| Now for the favor, at the dedications
we like to get some soil from the birth place of the soldier so we can
sprinkle it on his final resting place, kind of bringing full circle to
his life travels and then he can rest in the soil of birth.
Can you or do you someone who could mail me about a pound of Rome soil that we can use in our ceremony to honor this hero of our country's past?
Please advise if you can help me on this and Thank you for your time.
I have attached a picture of him riding in the Allegan Memorial Parade, taken in the 1940's as the last Civil War Soldier in Allegan County.
John R. Keith
General Benjamin Pritchard Camp 20
Department of Michigan
Sons of Union Veterans of the Civil War
950 106th Avenue
Plainwell, MI 49080
I've always had an interest in the history of Towner Hill, and the area around Rome. My mother was born and grew up near the top of Towner Hill, and as a child I spent a lot time on that fertile farm which my grandfather P. D Gillette and my uncle Nub Robinson (my mom's brother in law) farmed. When I left Rome after I finished the 5th grade in the old red brick school, I never expected to return, except for an occasional visit with relatives. Every couple of years we made the long trip, halfway across the continent, to visit relatives on both sides of the family.
Over the decades since, various things happened and I eventually inherited the smaller farm at the edge of the boro of Rome, at the very foot of Towner Hill. In fact, most of our acres of land are on Towner Hill and after every heavy rain storm I sweep part of Towner Hill out of my driveway.
Still, it was a surprise when I got a request for about one pound of Towner Hill dirt. There are not a lot of things I can't do well, but I can provide a pound of Towner Hill dirt, almost instantly. And there lies the story and the history!
While I often curse my computer, and find much of the e-mail annoying, the positive benefits usually outweigh the negative, and it is amazing how it can connect different groups and people--even different times and places. When we opened the e-mail on the morning of July 4th, there was a message from Kelsey Jones, president of the Bradford County Historical Society, that dealt with a request from Joyce Tice. It debatable who knows the most local history: Kelsey, Joyce, Henry Farley, Ted Keir or Deb Twigg. They are all rather smart and have spent hours, even years, helping people discover the wonders of our local past.
This request came from a Michigan 'Sons of Union Veterans of the Civil War.' They are going to honor Ralph R. Towner, originally of Rome, PA. It seems that in 1864 he lied about his age, claiming to be 18 and joined Company F of the 186th New York Infantry Regiment. Perhaps it was the deception in age that explains why he joined an upstate New York regiment. He trained and was stationed at Madison Barracks at Sacketts Harbor. The unit was sent by train to New York and by ship to join the Army of the Potomac. It must have been quite an adventure, with accounts of seasickness, and early action at the Battle of Dinwoodie Court House, Southside Railroad and the raid on Nottoway. These were all skirmishes that made up part of the Third Siege of Petersburg. His unit definitely took part in the charge on Fort Malone. The Union victory at Petersburg led to the fall of Richmond, and the retreat of General Lee that ended at Appomattox. They were part of the Union army that pursued General Lee.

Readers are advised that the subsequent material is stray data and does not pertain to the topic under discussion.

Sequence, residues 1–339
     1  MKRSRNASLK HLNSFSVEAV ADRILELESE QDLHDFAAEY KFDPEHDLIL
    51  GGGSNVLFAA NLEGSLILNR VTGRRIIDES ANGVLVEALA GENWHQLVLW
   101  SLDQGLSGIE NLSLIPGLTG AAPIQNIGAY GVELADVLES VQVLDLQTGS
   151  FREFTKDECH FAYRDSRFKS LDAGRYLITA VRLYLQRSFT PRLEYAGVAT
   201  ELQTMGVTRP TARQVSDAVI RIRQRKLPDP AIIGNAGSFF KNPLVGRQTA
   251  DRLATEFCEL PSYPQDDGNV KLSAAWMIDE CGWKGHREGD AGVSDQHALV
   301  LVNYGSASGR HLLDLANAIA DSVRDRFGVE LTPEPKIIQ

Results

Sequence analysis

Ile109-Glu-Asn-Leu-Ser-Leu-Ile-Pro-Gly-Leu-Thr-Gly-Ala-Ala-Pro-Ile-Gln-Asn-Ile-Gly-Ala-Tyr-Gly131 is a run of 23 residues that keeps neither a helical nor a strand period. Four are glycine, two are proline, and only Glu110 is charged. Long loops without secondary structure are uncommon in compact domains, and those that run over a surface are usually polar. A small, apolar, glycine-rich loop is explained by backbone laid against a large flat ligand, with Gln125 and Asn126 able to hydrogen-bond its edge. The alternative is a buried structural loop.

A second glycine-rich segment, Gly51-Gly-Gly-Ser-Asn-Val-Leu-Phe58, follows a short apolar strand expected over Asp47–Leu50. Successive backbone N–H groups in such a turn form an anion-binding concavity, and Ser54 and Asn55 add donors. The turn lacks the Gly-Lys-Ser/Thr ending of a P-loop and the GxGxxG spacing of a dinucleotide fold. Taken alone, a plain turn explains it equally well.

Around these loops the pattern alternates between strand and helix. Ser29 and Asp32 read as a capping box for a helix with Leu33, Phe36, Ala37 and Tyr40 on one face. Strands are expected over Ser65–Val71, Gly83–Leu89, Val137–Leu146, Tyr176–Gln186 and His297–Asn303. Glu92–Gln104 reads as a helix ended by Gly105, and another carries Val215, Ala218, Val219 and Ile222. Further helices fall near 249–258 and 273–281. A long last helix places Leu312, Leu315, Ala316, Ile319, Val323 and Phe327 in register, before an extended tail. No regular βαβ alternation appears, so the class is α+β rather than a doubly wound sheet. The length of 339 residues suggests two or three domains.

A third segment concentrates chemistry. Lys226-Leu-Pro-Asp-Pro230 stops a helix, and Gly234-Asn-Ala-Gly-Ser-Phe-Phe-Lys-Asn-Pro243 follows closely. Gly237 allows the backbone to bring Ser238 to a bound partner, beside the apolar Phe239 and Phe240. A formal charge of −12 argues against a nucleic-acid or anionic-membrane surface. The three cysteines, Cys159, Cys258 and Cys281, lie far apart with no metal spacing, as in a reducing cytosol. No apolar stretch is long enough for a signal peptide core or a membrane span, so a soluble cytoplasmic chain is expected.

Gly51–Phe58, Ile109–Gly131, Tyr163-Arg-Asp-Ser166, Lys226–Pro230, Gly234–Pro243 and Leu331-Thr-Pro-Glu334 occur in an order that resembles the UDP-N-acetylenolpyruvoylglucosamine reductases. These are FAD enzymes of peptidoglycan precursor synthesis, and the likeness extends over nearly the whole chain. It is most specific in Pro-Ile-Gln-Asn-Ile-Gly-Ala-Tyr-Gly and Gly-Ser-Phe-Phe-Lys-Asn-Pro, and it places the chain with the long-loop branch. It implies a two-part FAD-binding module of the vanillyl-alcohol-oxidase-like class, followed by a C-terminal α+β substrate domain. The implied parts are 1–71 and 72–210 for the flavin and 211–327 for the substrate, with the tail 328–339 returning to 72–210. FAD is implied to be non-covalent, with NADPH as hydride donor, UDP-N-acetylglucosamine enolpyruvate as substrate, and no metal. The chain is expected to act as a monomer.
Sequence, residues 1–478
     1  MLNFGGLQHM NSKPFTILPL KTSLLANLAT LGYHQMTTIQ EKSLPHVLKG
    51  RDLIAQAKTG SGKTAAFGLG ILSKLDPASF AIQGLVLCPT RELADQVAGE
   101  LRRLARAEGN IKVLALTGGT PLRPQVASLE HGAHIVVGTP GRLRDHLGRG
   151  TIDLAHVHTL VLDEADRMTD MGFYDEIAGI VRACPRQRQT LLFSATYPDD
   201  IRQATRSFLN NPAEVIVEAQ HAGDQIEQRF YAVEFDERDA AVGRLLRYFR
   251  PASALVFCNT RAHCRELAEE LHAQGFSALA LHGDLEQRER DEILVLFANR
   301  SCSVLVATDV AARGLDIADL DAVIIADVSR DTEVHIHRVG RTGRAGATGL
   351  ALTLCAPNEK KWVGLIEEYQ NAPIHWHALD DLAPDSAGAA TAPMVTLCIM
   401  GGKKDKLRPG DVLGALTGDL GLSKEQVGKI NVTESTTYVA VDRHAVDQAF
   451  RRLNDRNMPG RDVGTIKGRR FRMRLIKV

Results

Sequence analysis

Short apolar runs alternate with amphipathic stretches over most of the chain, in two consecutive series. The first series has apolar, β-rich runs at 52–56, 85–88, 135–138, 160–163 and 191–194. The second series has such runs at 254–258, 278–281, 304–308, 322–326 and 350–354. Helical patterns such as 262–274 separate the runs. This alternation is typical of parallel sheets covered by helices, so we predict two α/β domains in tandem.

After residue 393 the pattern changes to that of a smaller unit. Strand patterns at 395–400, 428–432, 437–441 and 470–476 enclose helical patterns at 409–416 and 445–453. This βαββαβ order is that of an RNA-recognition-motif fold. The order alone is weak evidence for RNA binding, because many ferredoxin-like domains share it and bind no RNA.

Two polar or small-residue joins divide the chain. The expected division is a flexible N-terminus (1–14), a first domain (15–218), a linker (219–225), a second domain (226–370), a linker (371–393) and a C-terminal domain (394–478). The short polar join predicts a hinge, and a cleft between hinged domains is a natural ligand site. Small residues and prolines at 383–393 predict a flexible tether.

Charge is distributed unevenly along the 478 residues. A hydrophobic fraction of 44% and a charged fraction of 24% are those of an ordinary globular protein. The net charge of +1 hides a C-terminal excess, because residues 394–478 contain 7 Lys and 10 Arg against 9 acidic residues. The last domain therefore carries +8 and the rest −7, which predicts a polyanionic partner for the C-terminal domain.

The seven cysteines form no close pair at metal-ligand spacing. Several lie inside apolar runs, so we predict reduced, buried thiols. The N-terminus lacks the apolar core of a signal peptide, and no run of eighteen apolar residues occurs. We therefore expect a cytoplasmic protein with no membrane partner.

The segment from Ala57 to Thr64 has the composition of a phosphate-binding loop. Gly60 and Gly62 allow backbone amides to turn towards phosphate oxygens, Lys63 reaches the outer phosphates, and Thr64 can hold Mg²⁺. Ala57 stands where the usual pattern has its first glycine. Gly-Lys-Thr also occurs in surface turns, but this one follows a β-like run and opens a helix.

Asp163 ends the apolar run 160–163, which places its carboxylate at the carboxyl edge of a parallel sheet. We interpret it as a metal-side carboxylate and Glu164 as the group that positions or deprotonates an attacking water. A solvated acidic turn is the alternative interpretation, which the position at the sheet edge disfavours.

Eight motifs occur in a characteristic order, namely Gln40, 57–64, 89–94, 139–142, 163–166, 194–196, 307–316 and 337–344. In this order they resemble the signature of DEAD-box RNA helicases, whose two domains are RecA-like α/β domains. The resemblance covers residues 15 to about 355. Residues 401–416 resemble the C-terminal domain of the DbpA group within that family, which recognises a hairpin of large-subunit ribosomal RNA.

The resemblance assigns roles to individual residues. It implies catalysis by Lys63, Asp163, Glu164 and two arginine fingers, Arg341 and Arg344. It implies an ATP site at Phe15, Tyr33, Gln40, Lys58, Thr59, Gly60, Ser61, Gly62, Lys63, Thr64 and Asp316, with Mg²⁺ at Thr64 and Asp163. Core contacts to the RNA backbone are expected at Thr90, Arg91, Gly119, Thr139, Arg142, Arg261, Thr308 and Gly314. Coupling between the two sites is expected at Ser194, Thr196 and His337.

As a side note, the Battle of Petersburg has special meaning to me, a sort of family connection. On June 13, 1864, Guy Ball, age 17, was killed at Battle of Chickahomay, near Peterburg. His sister Helen Ball married my great grandfather Amaziah Abell and their first son was named Guy, the grandfather for whom I'm named. A number of years ago when Marti and I visited the battlefield at Petersburg, we spent most of one day looking, without success, for Guy Ball's grave.
Anyway, back to my story about Ralph Towner. While they were in the Civil War less than a year, they did see considerable action, and their unit of 980 strong when they began, was reduced by casualties and disease to 730 by the end of the war. I suppose for a Civil War unit, the losses were fairly low. After the war Ralph Towner settled in Trowbridge Township, Allegan County, Michigan. He lived there until 1946 when he died at age 98, the last Civil War soldier living in the area. The Michigan chapter of the 'Sons of the Union Veterans of the Civil War' are honoring him with a "Last Soldier Plaque" on July 11th, 2009. They thought it would be appropriate to include some soil from near his place of birth, to sprinkle on his grave. As Commander of the Unit, John R Keith said it "would bring full circle to his life travels, and then he can rest in the soil of his birth'.
I climbed part way up Towner Hill and got a coffee can full of Bradford County, Towner Hill dirt, removed all the stones and mailed it off to Michigan. I suggested in an e-mail they might want to include the hymn 'Trust and Obey" written by Daniel Brink Towner of Towner Hill. They were almost surely related, and may have even known each other. I don't if they will, but it would be a nice touch.
Now there is a tiny bit less of Towner Hill, and an iota less of Bradford County soil, but it is going to just the right place. A kind of salute to a native son.